In 2020, Students for Life of America co-led a post-march summit focused on the actions activists would need to take when the Supreme Court overturned Roe.

And in 2021, abortion rights groups, including Planned Parenthood, submitted a Supreme Court brief saying that implementation of a Texas abortion law was “a frightening preview of a post-Roe world.”

Now, post-Roe, both sides face the limits of a split Congress and a flurry of litigation.

Abortion rights advocates are anticipating a federal court decision that could temporarily block nationwide access to medication abortion as soon as mid-February — which would impact more than half of abortions across the U.S. Any rulings will likely be appealed to the Supreme Court.

For abortion opponents, 2023 presents the opportunity to coalesce around common next steps — though efforts among states and even at the federal level have been more fragmented.

Expanding access 

Even as anti-abortion groups cheered, abortion rights groups have funneled energy into events opposing the march and mourning the end of Roe. 

Along the march route and in the nearby Brookland neighborhood, home to the Basilica of the National Shrine of the Immaculate Conception — the largest Roman Catholic church in North America — abortion rights supporters had hung posters and flyers depicting last year’s march, when the group Catholics for Choice displayed projections on the Basilica advocating for abortion rights.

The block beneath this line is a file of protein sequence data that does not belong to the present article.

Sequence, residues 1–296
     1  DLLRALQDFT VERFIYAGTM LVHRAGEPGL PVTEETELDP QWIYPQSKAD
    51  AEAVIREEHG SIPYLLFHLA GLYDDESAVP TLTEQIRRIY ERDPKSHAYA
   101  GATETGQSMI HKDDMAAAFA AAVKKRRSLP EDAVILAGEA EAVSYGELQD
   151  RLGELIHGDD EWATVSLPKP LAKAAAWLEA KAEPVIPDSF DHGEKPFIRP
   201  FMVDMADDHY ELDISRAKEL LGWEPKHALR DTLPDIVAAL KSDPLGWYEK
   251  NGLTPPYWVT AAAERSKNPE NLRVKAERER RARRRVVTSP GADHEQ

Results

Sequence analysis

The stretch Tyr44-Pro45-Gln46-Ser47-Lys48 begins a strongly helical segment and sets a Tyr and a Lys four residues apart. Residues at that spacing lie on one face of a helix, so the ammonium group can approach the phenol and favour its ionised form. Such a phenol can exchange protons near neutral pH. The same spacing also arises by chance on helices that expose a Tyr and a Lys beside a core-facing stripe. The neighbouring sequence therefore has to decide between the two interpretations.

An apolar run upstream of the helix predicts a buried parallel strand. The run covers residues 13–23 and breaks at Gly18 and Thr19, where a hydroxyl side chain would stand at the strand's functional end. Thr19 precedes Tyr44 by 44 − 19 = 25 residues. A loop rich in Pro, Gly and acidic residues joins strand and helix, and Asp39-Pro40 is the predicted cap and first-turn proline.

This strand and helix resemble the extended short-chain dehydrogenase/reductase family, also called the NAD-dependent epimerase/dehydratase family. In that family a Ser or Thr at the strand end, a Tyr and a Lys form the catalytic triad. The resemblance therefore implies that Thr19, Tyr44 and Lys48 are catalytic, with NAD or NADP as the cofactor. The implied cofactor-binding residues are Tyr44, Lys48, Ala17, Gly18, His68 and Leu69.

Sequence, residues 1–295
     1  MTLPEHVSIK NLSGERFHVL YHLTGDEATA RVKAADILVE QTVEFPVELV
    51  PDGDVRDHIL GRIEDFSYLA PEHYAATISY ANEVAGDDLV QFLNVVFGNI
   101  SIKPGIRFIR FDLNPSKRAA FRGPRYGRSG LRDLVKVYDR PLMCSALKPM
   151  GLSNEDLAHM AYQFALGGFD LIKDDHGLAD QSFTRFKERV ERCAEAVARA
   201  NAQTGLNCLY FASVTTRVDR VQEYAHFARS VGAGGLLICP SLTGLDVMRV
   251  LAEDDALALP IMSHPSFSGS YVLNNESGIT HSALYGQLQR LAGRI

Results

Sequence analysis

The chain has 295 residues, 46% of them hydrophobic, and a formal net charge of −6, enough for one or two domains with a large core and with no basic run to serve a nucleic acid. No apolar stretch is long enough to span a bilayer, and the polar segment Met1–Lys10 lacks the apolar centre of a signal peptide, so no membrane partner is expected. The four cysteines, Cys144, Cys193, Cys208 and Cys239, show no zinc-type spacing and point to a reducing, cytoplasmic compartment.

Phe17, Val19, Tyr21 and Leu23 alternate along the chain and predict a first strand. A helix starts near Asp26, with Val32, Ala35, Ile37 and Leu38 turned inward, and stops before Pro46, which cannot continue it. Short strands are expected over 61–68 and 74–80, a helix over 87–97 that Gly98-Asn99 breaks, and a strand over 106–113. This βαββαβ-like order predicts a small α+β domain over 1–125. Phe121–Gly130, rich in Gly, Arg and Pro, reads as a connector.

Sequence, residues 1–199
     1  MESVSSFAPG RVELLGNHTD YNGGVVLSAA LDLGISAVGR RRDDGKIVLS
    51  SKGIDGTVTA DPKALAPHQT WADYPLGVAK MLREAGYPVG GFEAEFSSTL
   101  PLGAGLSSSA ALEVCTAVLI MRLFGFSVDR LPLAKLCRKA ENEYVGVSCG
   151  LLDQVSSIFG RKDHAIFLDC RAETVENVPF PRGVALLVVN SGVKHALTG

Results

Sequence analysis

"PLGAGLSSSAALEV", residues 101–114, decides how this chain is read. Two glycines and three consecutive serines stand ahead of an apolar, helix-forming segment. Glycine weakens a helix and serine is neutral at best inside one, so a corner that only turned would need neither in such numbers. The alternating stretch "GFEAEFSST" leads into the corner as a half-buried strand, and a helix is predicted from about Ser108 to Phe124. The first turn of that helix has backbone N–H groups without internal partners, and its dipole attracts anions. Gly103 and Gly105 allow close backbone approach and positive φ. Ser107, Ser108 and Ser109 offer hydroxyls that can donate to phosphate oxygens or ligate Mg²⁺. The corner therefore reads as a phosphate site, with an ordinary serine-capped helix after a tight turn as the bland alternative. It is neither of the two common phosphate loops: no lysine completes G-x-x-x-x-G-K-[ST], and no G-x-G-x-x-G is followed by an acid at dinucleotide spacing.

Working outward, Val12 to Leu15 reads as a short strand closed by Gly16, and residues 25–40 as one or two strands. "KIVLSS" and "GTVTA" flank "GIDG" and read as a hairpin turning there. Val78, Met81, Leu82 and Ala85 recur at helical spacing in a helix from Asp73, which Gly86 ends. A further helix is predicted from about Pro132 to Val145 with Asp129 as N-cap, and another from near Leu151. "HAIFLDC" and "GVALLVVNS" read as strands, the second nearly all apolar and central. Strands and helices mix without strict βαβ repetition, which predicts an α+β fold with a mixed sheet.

The Sunday, Jan. 22, anniversary would have marked 50 years of precedent under Roe, a fact that is still hard to swallow for some advocates, including Sen. Jeanne Shaheen, D-N.H., who expects it to be “especially gutting” for many.

“Never before have we marked this anniversary when this decision — and the fundamental freedoms for women it ushered in — are no longer the law of the land,” said Shaheen.

The White House announced that Vice President Kamala Harris will deliver a Roe anniversary address on Sunday in Florida. 

The Women’s March, initially held after former President Donald Trump’s inauguration in 2017, has shifted its strategy post-Dobbs, locating its biggest march this year in Madison, Wis., to signify “that the fight for reproductive freedom is now in the states,” said Rachel O’Leary Carmona, executive director of the Women’s March.

She said the group chose the location because of existing infrastructure and ahead of a Wisconsin Supreme Court election this spring. She hopes the 4-3 conservative court could shift to a 4-3 liberal majority — opening a path to overturn the state’s abortion ban. 

Judicial elections are considered nonpartisan, but advocates often look to prior rulings for hints how a judge may rule on a particular issue, such as abortion. Justice Patience Roggensack, who is not seeing reelection, is considered conservative.

State legislators are also eying efforts to expand access by attempting to repeal old restrictions and pushing for additional resources. 

Herminia Palacio, president and CEO of the Guttmacher Institute, a think tank committed to advancing sexual and reproductive rights, said that about 17.8 million women of reproductive age live in a state without any abortion providers.

“On what would have been Roe’s 50th anniversary, we are instead facing the deepest crisis in abortion access in 50 years,” she said. “Abortion is now unavailable in 14 states, and that list will continue to grow.”